Along the way, he gained fame and wealth and met kings, sheiks, and holy men. He wrote a book called the Rihlah, or Travels, in which the following passage describes the unique trading tradition of Mogadishu.
… we sailed for fifteen days and came to Maqdashaw [Mogadishu], which is an enormous town. Its inhabitants are merchants … When a vessel reaches the port, it is met by sumbuqs, which are small boats, in each of which are a number of young men, carrying a covered dish containing food. He presents this to one of the merchants on the ship saying “This is my guest” … Each merchant on disembarking goes only to the house of the young man who is his host … the host then sells his goods for him and buys for him, and if anyone buys anything from him at too low a price, or sells to him in the absence of his host, the sale is regarded by them as invalid.
—Ibn Battuta, the Rihlah
What was the impact of trade on the city-states of East Africa?
To the south and inland from the coastal city-states, massive stone ruins sprawl across rocky hilltops near the great bend in the Limpopo River. The looming walls, large palace, and cone-shaped towers were once part of the powerful and prosperous capital of a great inland empire. Today, these impressive ruins are known as Great Zimbabwe.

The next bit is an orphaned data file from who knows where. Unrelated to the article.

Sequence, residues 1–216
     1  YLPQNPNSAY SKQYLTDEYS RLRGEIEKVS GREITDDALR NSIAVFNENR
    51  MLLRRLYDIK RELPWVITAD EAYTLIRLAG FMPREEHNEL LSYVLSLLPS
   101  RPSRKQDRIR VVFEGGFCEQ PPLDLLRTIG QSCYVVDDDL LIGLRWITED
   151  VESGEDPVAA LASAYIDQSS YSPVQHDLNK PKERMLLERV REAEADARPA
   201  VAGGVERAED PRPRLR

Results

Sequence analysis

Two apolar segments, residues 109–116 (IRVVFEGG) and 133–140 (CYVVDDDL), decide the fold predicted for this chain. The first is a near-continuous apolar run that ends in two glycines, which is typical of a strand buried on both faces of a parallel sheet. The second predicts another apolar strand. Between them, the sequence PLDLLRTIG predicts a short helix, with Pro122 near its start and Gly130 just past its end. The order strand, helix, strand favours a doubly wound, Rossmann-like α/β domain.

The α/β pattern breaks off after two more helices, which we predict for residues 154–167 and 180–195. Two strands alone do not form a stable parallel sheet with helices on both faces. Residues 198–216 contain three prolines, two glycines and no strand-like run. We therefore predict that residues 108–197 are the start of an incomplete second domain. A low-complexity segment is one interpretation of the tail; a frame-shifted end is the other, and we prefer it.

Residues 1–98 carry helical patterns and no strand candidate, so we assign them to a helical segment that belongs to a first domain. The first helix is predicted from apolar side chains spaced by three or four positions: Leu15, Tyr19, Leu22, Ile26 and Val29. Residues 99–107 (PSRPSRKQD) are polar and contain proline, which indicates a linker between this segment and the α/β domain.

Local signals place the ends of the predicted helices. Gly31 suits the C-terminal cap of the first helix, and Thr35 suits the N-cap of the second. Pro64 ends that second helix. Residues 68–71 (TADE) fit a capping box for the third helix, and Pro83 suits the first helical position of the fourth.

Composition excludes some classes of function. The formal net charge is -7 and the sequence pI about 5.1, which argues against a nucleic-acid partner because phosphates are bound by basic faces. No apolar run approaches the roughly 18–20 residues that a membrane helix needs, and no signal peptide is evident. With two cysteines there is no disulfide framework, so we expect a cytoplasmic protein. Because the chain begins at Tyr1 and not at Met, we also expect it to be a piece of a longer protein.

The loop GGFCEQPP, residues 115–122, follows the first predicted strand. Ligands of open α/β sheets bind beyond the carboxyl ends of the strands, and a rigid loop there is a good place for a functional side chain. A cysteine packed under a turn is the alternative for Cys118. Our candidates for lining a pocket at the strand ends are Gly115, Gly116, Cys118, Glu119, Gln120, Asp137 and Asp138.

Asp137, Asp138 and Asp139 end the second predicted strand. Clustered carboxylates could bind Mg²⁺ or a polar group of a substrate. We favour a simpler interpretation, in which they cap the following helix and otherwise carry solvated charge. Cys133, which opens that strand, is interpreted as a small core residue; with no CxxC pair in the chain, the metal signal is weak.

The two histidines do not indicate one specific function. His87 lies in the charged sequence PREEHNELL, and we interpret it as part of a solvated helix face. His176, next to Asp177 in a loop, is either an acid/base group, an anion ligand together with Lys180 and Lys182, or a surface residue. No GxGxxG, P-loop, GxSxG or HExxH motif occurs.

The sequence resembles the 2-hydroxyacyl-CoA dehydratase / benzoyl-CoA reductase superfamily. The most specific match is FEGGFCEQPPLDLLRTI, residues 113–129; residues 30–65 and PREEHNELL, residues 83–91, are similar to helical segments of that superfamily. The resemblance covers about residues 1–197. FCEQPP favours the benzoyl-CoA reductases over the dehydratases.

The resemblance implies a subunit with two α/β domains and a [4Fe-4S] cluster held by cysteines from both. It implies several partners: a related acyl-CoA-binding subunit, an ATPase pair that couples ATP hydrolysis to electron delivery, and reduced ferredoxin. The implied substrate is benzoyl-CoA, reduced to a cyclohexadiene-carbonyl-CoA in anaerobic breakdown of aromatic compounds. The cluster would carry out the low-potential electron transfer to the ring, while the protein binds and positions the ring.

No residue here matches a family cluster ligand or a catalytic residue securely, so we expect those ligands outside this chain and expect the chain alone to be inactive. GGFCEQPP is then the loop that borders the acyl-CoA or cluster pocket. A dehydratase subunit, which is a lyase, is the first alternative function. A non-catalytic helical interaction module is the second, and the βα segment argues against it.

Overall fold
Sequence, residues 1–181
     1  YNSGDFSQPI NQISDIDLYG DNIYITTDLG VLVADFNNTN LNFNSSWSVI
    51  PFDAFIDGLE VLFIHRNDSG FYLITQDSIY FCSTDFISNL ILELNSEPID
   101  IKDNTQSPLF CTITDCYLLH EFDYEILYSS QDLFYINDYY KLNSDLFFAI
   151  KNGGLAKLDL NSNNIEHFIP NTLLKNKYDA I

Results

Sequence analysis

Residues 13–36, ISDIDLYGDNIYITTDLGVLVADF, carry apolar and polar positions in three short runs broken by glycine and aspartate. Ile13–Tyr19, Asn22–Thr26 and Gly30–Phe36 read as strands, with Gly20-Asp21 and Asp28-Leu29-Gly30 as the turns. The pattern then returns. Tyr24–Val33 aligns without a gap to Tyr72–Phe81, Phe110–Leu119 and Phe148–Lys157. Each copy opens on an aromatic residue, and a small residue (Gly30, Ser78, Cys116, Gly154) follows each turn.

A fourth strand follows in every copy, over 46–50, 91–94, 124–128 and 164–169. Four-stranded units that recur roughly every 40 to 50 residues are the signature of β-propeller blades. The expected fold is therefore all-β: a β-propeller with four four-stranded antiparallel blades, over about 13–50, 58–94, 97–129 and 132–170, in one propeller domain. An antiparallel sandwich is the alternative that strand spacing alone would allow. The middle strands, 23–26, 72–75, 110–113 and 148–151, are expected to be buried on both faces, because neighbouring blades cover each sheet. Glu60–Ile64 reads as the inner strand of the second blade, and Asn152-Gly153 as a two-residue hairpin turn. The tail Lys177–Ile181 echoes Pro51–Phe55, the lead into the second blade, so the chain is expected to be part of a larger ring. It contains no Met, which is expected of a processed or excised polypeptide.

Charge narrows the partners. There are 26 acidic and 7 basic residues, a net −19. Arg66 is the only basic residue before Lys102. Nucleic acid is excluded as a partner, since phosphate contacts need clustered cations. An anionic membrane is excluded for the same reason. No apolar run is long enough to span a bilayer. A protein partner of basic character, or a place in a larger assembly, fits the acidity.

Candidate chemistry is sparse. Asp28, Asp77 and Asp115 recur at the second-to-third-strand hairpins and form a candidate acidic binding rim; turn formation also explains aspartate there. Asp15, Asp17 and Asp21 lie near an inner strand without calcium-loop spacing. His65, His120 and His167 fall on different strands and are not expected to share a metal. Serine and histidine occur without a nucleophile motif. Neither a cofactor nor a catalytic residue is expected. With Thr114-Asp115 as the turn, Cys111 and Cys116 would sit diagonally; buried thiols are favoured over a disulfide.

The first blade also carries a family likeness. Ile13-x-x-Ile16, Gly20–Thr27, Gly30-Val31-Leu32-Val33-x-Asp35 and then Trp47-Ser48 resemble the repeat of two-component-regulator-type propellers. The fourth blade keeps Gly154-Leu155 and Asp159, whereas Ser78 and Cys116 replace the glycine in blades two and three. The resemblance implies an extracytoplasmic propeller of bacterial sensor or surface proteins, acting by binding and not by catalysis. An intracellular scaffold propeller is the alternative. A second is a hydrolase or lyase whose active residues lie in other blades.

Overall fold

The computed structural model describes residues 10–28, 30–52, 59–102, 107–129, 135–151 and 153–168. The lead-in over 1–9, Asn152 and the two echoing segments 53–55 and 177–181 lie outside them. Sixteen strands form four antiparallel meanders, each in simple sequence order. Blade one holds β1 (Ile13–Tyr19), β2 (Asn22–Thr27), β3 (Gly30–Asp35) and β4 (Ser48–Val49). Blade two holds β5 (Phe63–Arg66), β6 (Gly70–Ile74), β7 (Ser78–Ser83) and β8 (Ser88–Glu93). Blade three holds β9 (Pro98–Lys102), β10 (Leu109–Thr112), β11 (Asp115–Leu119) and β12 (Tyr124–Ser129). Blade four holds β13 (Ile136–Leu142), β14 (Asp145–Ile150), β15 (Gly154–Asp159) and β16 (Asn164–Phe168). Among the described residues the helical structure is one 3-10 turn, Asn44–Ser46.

The word zimbabwe comes from a Bantu-based word that means “stone houses.” In fact, Great Zimbabwe was built by a succession of Bantu-speaking peoples who settled in the region between 900 and 1500. These newcomers brought iron, mining methods, and improved farming skills. Early settlers raised cattle and built stone enclosures to protect their livestock. In time, these settlers improved their building methods and erected large walls and palaces.
In 1325, a Moroccan named Ibn Battuta began one of the greatest trips of medieval times, visiting Asia, parts of Europe, and the Middle East. In which general direction did Ibn Battuta travel from the Caspian Sea to Delhi?